"Not when Pen Test Partners have been briefing about these vulnerabilities since 2014.

        I have an indelible recollection from 35 years ago of a friend's 2 year old daughter confiding secrets to her doll.

        It doesn't take much imagination to see the dangers there.

      2. CrazyOldCatMan Silver badge

        They have some sensible advice about Cloud Pets on their website.

        Does it involve incineration, use of a lupara at short range or copious amounts of gunpowder?

  8. WibbleMe

    How exactly is MongoDB crap if the developer failed to secure it? The fact that you get warning messages in the MongoDB log file about it not being secured should be a giveaway.

    https://docs.mongodb.com/manual/administration/security-checklist/

    1. Phil O'Sophical Silver badge
      FAIL

      Yes, we all know everyone checks then logfiles to see if they've made a mistake when otherwise the system seems to be working perfectly.

      Any product that isn't secure out of the box when installed is unfit for purpose. If the developer has that cavalier an approach to security in general, what hope is there that the rest of the security "features" have ever been tested?

      1. HieronymusBloggs

        "Any product that isn't secure out of the box when installed is unfit for purpose."

        A developer who ignores basic security is unfit for purpose IMO. This is presumably someone who does this for a living, not just some random member of the public.

    2. Hans 1 Silver badge
      Windows

      The whole point is, there are IT admins and devs that are useless.

      The lack of hardening of the MongoDB sais it all about the IT team.

      The fact that they were saving recordings in WAV says it all about the devs, really, what a bunch of useless morons.

      I would fire the entire dev/IT team if I were in charge of that toy outfit, I would name and shame the guyz on the Internet, never to find a job in IT again.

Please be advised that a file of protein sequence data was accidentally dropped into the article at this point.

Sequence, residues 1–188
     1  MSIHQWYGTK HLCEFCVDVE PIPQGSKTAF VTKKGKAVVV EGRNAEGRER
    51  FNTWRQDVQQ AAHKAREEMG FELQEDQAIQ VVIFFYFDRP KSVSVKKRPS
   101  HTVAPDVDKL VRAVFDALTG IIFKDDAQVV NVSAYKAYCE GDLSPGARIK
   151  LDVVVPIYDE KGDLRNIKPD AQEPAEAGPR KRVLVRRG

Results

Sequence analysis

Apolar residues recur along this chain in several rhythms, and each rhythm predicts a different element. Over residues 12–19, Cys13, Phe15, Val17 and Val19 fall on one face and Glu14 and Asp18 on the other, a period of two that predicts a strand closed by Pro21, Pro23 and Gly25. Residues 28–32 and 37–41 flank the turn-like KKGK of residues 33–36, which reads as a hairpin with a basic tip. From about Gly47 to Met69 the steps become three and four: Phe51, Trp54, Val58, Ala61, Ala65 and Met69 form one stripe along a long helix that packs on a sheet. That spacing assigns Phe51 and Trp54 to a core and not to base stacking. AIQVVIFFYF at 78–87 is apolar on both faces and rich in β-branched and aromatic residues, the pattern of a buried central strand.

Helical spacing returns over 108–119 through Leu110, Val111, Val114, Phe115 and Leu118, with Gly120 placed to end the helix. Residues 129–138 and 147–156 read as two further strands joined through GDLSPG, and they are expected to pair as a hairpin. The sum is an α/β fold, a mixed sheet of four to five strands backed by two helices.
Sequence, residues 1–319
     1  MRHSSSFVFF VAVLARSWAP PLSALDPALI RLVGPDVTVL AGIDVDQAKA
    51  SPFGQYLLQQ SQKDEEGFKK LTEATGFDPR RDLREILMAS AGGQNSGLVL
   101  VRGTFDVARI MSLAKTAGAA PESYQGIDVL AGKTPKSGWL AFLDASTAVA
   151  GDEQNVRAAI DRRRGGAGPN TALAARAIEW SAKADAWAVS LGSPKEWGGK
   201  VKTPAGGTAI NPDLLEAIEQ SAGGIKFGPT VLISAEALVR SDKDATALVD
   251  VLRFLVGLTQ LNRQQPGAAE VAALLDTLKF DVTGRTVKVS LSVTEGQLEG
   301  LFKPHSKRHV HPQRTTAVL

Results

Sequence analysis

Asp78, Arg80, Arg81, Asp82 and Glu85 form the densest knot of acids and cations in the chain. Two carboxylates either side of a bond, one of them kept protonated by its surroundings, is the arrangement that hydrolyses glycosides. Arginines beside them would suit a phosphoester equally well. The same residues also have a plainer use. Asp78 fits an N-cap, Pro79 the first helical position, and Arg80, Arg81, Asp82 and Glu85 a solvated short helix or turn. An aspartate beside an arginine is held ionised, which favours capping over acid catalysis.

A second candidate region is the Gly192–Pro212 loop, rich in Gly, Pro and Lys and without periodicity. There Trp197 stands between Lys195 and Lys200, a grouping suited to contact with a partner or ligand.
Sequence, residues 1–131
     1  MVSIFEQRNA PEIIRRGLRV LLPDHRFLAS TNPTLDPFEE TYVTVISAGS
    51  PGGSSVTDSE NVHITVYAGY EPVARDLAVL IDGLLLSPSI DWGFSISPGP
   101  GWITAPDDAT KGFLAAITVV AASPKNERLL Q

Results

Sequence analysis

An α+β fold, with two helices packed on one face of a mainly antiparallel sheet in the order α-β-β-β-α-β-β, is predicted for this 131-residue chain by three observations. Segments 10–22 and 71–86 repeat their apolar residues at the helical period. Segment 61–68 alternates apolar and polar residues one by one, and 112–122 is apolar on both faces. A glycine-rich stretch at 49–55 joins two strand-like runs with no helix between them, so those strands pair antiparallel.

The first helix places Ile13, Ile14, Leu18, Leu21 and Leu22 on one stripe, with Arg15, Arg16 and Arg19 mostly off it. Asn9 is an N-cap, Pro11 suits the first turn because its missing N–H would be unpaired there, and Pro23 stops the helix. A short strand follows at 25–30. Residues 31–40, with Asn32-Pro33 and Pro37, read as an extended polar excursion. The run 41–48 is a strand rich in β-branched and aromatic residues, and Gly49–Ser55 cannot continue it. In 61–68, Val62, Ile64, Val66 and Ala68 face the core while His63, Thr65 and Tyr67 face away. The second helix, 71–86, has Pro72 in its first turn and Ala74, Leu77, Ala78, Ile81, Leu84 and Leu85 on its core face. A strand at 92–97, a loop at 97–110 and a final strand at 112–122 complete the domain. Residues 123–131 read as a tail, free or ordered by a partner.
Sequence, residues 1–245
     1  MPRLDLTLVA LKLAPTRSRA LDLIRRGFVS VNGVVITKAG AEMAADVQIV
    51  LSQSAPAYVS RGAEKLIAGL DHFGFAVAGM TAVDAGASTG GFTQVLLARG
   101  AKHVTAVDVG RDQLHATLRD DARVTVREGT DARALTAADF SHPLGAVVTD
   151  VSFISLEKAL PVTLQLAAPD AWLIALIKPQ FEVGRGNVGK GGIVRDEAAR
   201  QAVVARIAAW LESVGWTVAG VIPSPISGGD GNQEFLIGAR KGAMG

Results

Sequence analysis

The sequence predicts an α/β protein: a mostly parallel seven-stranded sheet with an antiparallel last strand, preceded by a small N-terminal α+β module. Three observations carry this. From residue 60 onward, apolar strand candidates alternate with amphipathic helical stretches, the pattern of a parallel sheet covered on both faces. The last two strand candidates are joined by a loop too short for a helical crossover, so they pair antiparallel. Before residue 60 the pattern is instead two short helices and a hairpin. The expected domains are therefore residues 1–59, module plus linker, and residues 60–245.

MongoDB could have provided idiot-proof defaults, then again, MongoDB have decided NOT to cater for idiots, that is their call.

      Log files is good, RTFM is much, much better ...

      The good news in all this, we get to:

      1. Know about data slurped by toy manufacturers being stored in the cloud .... for no obvious technical reason. The masses will probably react at some point ....

      2. Have a new company to add to our CV-scanner's blacklist

      1. Doctor Syntax Silver badge

        "I would fire the entire dev/IT team if I were in charge of that toy outfit"

        Those in charge are equally guilty. Either they paid no attention at all or ignored the risks. If you'd been in charge you should have been fired as well.

      2. pop_corn

        > "I would name and shame the guyz on the Internet, never to find a job in IT again."

        Right because you've never made an IT mistake, and all the rest of us are perfect programmers too, who sprang into the world with all the knowledge we have now?

        People learn far more from their mistakes than successes. Sure fire the IT dept, but can bet your boots those guys/girls won't make the same mistake twice. To suggest that for 1 mistake someone should lose their career, livelihood, then possibly their house and wife, is ridiculous.

        1. Alister Silver badge

          People learn far more from their mistakes than successes. Sure fire the IT dept, but can bet your boots those guys/girls won't make the same mistake twice.

          Except in this case, they obviously have, not once, but multiple times. Their databases have been deleted on several occasions, and replaced with warning messages, and they have had to restore the databases each time, and yet apparently, at no stage did they wonder why this was happening, or investigate ways to stop it.

          1. Boothy

            Quote: People learn far more from their mistakes than successes. Sure fire the IT dept, but can bet your boots those guys/girls won't make the same mistake twice.

            Except in this case, they obviously have, not once, but multiple times. Their databases have been deleted on several occasions, and replaced with warning messages, and they have had to restore the databases each time, and yet apparently, at no stage did they wonder why this was happening, or investigate ways to stop it.

            They are most likely different people/teams. The devs were probably hired to build the system, and have likely long since gone. Being replaced by a likely cheaper support team (or person), who probably doesn't know much about MongoDB itself.

        2. DropBear Silver badge
          Trollface

          "...then possibly their house and wife, is ridiculous."

          What sort of toxic environment has this site become to insinuate that only males (and homosexual females) could possibly be at risk and/or own a house, in such a grossly sexist manner?!? Outrage!!! /s

        3. Kiwi Silver badge

          but can bet your boots those guys/girls won't make the same mistake twice.

          I dunno.. Reading the article.. Seems like they made the mistake a few times over.....

          (I do agree with your post though, have an upvote)

      3. CrazyOldCatMan Silver badge